Here's a Tasty Day Trip to Hastings-on-Hudson
Harvest on Hudson's garden patio
In this Summer Fridays series, we'll outline good eats in good locations just outside of New York City. If you're lucky enough to have summer Fridays at your place of work, consider this your road map to good eats off the beaten path.
Although "the River Towns of Westchester" sounds like a place where George R. R. Martin might send one of his many Game of Thrones antiheroes to besiege, the communities that line the Hudson River offer numerous day trip opportunities for city dwellers. Twelve stops up the Metro North's Hudson Line, the rather severely vertical village of Hastings-on-Hudson is home to a broad variety of restaurants, food shops, and a portion of one of New York State's great trails, the Old Croton Aqueduct, which stretches from the Bronx to Croton Gorge Park.
Walk up the hill from the train station on a Saturday and head to the village's farmers market, which has grown into a bustling pavilion with stalls devoted to fresh produce, meats, seafood, cheeses, and specialty products. Several food vendors have also joined in the fun, serving snacks like tacos, crepes, and ice cream. It's hosted in the library parking lot, and until June, it takes place every other weekend -- check ahead.
On the way, you'll pass the former site of one of Westchester County's best French restaurants, Buffet de la Gare. It now belongs to Saint George (155 Southside Avenue, 914-478-1671), a punchy bistro that's more dressed down than its forebear but still does right by Francophiles. Up another hill lies the village's main drag of Warburton Avenue, which has managed to stave off frozen yogurt outlets but does have a gluten-free bakery. At By The Way Bakery (574 Warburton Avenue, 914-478-0555), you can find macarons, biscotti, cupcakes, and cakes as well. Among the confections, the almond cookies are worth the trip alone. Crisp on the outside with a near marzipan-like interior, they shame still-very-good chocolate chip cookies.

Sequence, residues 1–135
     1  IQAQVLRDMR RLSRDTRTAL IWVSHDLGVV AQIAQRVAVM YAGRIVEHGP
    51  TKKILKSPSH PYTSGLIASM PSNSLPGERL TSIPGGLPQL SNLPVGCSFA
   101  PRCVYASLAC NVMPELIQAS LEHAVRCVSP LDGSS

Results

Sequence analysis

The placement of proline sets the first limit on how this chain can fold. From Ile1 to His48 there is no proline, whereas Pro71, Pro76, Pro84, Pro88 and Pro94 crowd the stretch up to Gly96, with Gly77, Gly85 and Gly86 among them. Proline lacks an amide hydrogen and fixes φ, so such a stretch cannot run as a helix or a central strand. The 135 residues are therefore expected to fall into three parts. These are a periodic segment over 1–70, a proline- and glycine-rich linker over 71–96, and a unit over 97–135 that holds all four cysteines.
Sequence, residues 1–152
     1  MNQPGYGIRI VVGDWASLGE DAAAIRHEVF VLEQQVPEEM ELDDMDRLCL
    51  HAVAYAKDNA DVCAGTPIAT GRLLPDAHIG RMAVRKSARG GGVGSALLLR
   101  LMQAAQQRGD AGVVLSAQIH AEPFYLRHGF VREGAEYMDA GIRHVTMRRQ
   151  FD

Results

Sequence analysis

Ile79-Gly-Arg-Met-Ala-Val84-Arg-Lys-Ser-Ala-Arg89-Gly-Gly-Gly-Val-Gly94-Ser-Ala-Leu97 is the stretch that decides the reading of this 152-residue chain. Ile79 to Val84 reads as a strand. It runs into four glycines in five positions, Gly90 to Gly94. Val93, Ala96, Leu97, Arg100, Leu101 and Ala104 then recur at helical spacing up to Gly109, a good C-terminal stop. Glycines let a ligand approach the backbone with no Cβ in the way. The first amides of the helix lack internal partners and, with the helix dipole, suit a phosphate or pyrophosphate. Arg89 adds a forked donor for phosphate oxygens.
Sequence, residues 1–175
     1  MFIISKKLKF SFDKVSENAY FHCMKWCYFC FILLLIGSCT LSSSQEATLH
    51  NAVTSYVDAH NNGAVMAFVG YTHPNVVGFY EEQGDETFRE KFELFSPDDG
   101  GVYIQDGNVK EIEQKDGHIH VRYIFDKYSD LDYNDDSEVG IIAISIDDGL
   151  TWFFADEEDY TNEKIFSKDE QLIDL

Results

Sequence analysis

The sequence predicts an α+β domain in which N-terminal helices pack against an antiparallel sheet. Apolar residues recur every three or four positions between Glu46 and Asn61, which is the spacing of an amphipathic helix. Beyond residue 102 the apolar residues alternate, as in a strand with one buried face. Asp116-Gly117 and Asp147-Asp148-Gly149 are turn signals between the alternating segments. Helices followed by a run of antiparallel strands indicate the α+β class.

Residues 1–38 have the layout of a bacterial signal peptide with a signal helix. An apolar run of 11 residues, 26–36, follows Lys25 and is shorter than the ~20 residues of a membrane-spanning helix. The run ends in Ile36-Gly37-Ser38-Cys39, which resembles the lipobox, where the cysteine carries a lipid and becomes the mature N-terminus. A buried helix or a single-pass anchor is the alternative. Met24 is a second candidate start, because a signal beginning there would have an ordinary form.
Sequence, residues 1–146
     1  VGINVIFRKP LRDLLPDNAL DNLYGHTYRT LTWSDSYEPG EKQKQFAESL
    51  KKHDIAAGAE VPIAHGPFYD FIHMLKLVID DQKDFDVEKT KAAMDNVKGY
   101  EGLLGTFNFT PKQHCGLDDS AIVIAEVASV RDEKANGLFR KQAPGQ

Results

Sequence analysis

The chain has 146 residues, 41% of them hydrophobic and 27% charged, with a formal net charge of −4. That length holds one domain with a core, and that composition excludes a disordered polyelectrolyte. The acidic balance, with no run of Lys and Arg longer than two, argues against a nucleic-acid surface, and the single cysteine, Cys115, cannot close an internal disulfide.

North Warburton is also home to what I consider the village's, and probably one of the county's, best restaurants. Juniper's (575 Warburton Avenue, 914-478-2542) Alex Sze makes beautiful, comfort-heavy food in a relaxed setting -- and it's BYOB for now. Across the street and capping the north end of the town center is falafel restaurant Taiim (598 Warburton Avenue, 914-478-0006), which isn't related to Einat Admony's NYC brand, but happily, both serve my favorite falafel in their respective areas. There's also skewered chicken and lamb, shakshouka, and a beastly wrap called the Masada, which feeds two and costs $17. The kitchen takes a giant pita and stuffs it with chicken and lamb shawarma, falafel, mujaddara (rice with lentils), Israeli chopped salad, hummus, pickled cucumbers and turnips, and tahini. Tackle it on your own, and they might just hang your photo on the wall. It also bears mentioning that Taiim's owner, Zamir Iosepovici, is a frequent drinking partner of my father's.
Tony's via yelp
Heading south, there's above-average New York-style pizza available at Slices (14 Main Street, 914-478-5600), where the dough is slightly sweet and the sauce far sweeter. Another favorite is the HFD Special, a spicy ode to the fire department with buffalo chicken fingers and french fries. Behind the porthole door of Tony's Steak & Seafood (524 Warburton Avenue, 914-478-2260), you'll find generous portions of family-style Portuguese and Italian fare, like browned rotisserie chicken and a tomato-based seafood stew that packs in lobster, shrimp, scallops, clams, and mussels.
Make your way back down towards the train and across the overpass that leads to the waterfront. At the end of a long parking lot you'll come to a compound that wouldn't feel out of place in Napa or the North Fork. Harvest on Hudson (1 River Street, 914-478-2800) is run by a group that operates five restaurants around Westchester County and Montauk, and this one's been plunked down right on the Hudson along with beautiful outdoor seating and a garden where the restaurant sources much of its produce. Sure, you can have a riverside drink at the Frying Pan or the Boat Basin Cafe, but you'll have to deal with a battlefield of incredibly loud assholes. Sipping a glass of rosé while smelling actual fresh air and looking out at the river is a privilege.
Planning on driving? Steer that fancy automobile that you are somehow lucky enough to have in New York City and park right behind the Pink Panther Truck, located on Saw Mill River Road just south of Jackson Avenue. Magdalena Toledo has been serving the area's best $2.50 tacos, $3 tostadas, and $1.75 beef chili-covered hot dogs since the late 1980s, and at very 80s pricing.
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